Yesterday the Daily News reported that a number of tenants in a Jamaica building are suing their landlord, “for charging them large lump sums for building improvements they claim were never adequately made and were an effort to force them out of their homes.”
It’s a good lawsuit, by rent-stabilized tenants, whose rent raises were approved by the State of New York, after Zara Realty Holding Corp., the landlord, applied for rent increases, per the rent stabilization laws, because they claimed they’d made certain big improvements.
“But landlords are only allowed to raise rents 6 % annually for rent-stabilized tenants, according to the tenants’ lawyers — not ask for one bulk payment.”
Two non-profit entities, the Catholic Migration Office and Queens Legal Services, are representing the tenants.
This lawsuit reminds me that, decades ago, when all of us (“us,” meaning my friends, et al.) were renters under rent control or stabilization laws, two lawyers published a book, a manual really, covering tenants rights and covering them so thoroughly that once you read the book, you understood exactly what your position as a renter was, what landlords could or couldn’t do to you, and where to go for free help if a landlord threatened what seemed like an egregious rent raise or eviction.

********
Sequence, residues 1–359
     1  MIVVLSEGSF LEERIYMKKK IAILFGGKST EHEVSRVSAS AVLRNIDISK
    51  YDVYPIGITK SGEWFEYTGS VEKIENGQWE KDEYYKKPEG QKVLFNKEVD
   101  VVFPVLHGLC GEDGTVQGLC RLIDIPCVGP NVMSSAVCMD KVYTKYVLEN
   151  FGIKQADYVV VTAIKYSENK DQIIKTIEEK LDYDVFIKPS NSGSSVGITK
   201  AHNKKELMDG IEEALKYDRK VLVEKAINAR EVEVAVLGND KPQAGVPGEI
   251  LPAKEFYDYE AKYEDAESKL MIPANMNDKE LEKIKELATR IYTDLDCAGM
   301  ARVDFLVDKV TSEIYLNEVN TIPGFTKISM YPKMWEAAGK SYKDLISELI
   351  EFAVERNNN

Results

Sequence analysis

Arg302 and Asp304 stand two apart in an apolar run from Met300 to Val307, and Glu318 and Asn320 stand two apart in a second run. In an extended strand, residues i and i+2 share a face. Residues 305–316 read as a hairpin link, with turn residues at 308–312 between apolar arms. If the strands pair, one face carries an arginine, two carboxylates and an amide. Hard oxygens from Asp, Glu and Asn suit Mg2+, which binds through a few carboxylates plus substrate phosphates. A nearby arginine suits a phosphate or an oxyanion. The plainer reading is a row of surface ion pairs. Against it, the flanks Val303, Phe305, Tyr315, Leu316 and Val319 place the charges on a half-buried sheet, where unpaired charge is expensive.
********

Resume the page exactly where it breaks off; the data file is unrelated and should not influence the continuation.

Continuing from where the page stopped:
I don’t remember the name of the book or its authors but it was The Tenants Bible and was infinitely more useful than any “holy” book. I kept it on the shelf with the dictionary and Roget’s. It was well-thumbed.
Every couple of years, the lawyers published an updated edition, incorporating whatever new legislation applied to our situation.
I doubt the official government version feels as deliciously subversive as did that long-ago manual, which made us all guerrillas in our legal battles against landlords. It is the model for the book I’m writing about living through lawsuits.